EVALUATION OF NUCLEAR CHANGES IN THE BUCCAL EPITHELIAL CELLS OF TOBACCO USERS IN NNEWI, SOUTH EAST NIGERIA
Objective: The objective of this study was to evaluate nuclear changes in the buccal epithelial cells of commercial bus drivers using tobacco in Nnewi. Tobacco use constitutes a major risk factor of oral lesions, due to its genotoxic and mutagenic effects on the buccal cavity epithelial cells.
Methods: One hundred and twenty-three subjects, consisting of 83 tobacco users (test group) and 40 tobacco and alcohol non-users (control group) were recruited for this cross-sectional study. Buccal smear was obtained from each participant, processed, and stained with the Papanicolaou staining method. Two hundred cells were counted for each stained slide and the percentage of various nuclear changes determined, and the repair index calculated. Comparisons of nuclear changes between and within groups were carried out using the Kruskal–Wallis H-test with p<0.05 considered significant.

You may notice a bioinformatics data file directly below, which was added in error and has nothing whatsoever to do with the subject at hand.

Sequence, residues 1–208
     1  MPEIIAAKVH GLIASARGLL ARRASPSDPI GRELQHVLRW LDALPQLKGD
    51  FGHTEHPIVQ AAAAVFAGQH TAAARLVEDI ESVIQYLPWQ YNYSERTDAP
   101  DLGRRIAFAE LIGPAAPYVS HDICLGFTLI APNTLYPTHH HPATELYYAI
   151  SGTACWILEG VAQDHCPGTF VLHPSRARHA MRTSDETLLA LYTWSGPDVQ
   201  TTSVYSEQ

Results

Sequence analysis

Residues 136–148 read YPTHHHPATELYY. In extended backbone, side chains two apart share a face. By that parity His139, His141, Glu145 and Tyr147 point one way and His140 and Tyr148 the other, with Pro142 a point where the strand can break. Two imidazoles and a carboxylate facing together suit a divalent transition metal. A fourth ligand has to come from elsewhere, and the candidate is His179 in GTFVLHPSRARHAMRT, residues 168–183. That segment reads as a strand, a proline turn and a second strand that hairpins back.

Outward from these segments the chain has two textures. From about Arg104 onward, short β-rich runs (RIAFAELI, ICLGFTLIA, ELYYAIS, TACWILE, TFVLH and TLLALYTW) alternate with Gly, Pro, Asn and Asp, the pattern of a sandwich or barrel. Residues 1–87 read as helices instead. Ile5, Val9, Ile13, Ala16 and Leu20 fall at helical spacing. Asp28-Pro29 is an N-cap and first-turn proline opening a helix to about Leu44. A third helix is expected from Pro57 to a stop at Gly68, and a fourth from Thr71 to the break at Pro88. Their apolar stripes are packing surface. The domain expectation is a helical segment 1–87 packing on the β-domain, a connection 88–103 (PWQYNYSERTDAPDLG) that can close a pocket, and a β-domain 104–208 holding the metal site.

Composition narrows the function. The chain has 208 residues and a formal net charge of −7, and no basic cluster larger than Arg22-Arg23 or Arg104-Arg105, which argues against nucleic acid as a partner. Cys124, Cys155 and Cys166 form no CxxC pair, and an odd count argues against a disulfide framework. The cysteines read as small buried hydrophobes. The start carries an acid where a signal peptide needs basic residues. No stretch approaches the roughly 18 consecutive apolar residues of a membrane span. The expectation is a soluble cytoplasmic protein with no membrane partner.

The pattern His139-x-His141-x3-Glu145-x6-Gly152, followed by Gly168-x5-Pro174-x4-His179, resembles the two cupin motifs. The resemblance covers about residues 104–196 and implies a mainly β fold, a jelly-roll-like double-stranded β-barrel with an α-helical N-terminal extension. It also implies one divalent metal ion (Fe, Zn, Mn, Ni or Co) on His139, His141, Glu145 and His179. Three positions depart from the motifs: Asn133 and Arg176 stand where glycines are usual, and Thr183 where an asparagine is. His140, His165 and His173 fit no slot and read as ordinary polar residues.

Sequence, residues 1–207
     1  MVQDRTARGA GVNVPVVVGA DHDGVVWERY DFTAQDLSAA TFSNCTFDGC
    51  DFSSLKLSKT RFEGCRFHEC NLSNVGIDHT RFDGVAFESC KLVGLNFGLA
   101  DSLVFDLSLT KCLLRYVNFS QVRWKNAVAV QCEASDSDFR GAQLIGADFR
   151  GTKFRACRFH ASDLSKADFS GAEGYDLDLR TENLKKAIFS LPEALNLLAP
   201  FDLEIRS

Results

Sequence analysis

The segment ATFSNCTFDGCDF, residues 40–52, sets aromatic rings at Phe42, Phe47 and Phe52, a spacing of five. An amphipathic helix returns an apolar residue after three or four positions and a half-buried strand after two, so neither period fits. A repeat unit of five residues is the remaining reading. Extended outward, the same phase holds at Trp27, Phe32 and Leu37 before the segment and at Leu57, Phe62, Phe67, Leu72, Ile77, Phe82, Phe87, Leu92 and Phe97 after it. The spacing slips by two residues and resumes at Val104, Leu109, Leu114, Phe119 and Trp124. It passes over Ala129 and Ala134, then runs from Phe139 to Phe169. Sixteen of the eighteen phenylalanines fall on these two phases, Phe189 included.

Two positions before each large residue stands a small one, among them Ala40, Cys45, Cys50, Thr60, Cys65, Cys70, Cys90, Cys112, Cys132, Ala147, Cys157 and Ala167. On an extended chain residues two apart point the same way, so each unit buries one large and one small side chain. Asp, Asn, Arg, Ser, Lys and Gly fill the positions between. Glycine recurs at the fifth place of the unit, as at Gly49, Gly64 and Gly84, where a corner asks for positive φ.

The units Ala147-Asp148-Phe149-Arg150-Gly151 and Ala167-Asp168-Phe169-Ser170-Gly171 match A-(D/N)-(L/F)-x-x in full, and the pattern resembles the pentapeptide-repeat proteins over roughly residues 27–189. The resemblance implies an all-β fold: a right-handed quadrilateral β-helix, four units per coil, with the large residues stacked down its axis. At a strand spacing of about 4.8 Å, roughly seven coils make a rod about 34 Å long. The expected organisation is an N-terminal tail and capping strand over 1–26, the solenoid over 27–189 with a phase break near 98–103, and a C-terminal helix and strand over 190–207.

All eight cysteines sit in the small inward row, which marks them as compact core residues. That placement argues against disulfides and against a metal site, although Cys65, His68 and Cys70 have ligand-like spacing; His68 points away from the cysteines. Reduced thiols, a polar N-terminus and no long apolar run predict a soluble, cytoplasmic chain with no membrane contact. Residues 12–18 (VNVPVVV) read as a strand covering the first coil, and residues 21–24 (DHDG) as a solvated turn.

Results: Micronuclei were the most prevalent nuclear changes (100%) while broken egg nuclei were the least (15.2%). Nuclear changes were most prevalent among snuffers (33.42%). A statistically significant difference (p˂0.05) was observed when the median values of nuclear changes were compared in different study groups and control subjects. Similarly, the prevalence of nuclear changes increased with the age of subjects and the duration of tobacco use, whereas the repair index decreased with increased prevalence.
Conclusion: Increased nuclear changes were observed in the buccal epithelial cells of tobacco users, with snuff inhalation slightly impacting more severe effects than cigarette smoking. Buccal smear cytology may constitute an effective screening method for precancerous lesions amongst tobacco users.
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